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Transparency International: Emerging Europe ‘not immune’ to corruption

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Most of the 23 countries of emerging Europe remain vulnerable to corruption, according to the latest edition of the Transparency International’s Corruption Perceptions Index (CPI).

Not one has yet made it to the exclusive club of “very clean countries”, the index’s top category.

Estonia comes closest, once again named as emerging Europe’s least corrupt country. The Baltic state improved its score from 73 (out of a possible 100) in 2018 to 74 in 2019 and is now ranked as the 18th least corrupt country in the world, performing better than Ireland, Japan and France.

“A comprehensive legislative framework, independent institutions and effective online tools make it possible to reduce petty corruption and make political party financing open and transparent,” the anti-corruption watchdog’s annual report notes, adding, however, that recent problems such as money laundering scandals involving the Estonian branch of Danske Bank demonstrate a greater need for integrity and accountability in Estonia’s business and banking sectors.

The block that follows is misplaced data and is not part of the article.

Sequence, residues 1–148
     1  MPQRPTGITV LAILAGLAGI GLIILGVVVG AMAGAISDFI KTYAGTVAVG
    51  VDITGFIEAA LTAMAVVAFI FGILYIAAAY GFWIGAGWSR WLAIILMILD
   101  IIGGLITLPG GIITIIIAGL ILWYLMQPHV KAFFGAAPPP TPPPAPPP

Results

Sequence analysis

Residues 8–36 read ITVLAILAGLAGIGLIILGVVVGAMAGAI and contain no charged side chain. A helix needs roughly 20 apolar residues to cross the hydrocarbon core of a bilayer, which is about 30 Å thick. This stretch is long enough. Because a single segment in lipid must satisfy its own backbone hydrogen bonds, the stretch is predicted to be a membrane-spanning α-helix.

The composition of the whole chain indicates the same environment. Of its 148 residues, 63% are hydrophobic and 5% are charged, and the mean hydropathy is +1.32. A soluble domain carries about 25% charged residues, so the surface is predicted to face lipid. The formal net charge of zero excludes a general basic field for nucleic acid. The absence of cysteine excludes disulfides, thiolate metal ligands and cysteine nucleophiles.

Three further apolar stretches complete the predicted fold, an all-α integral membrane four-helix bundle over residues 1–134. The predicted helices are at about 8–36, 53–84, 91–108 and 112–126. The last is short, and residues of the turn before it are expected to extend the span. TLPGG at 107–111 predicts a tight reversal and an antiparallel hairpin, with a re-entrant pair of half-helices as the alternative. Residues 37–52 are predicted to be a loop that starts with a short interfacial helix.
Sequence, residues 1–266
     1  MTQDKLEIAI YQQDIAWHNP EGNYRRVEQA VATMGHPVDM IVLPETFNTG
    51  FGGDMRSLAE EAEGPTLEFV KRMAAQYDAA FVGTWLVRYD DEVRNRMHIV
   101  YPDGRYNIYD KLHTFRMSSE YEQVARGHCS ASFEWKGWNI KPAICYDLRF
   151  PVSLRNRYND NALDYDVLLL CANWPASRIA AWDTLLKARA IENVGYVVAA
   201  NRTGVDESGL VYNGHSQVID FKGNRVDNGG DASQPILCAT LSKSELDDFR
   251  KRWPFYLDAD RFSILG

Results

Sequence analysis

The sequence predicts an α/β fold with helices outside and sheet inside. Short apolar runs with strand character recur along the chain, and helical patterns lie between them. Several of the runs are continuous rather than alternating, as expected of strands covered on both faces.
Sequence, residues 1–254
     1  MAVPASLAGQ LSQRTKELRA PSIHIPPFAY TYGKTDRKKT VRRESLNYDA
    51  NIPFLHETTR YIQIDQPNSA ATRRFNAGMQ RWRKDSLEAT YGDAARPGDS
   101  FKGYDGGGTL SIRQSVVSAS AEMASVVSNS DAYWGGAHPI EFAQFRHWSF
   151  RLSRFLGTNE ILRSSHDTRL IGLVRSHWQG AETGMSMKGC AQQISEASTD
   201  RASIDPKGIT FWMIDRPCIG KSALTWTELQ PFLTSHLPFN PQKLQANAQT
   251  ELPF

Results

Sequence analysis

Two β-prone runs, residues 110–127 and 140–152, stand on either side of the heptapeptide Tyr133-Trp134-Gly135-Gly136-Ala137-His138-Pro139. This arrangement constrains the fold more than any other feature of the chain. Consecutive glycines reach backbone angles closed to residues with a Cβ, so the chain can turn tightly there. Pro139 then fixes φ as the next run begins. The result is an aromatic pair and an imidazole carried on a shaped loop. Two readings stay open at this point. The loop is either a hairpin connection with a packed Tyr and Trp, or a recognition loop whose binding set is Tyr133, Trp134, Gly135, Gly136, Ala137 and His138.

The rest of emerging Europe is a long way behind.

Lithuania and Slovenia rank joint 35th globally with scores of 60, and overtake Poland, now ranked 41st globally with a score of 58.

Georgia, with a score of 56, is the region’s best performer outside of the European Union, and now scores the same as the Czech Republic and Latvia, and higher than Malta and Italy.

The remaining three countries which make up emerging Europe’s top 10 are Slovakia (ranked 59th globally with a score of 50), Croatia (63rd; 47) and Belarus (66th; 45).

Bulgaria was again named the most corrupt country in the European Union, with a score of 43, which nevertheless shows some progress on 2018’s score of 42. Hungary and Romania both score 44, the same as South Africa and Suriname.

They are followed by Armenia (77th; 42), Serbia (91st; 39), Bosnia and Herzegovina (101st; 36), Kosovo (101st; 36), Albania (106th; 35), North Macedonia (106th; 35) and Moldova (120th; 32).

The report says that despite their aspirations to join the EU, none of the six Western Balkans countries have managed to improve their anti-corruption scores over the past 12 months.

Azerbaijan – emerging Europe’s erstwhile laggard – saw some improvement in 2019, boosting its score from 25 to 30, the same as Ukraine.  Despite all of its high profile anti-corruption efforts the country is now considered the most vulnerable to corruption in the region.

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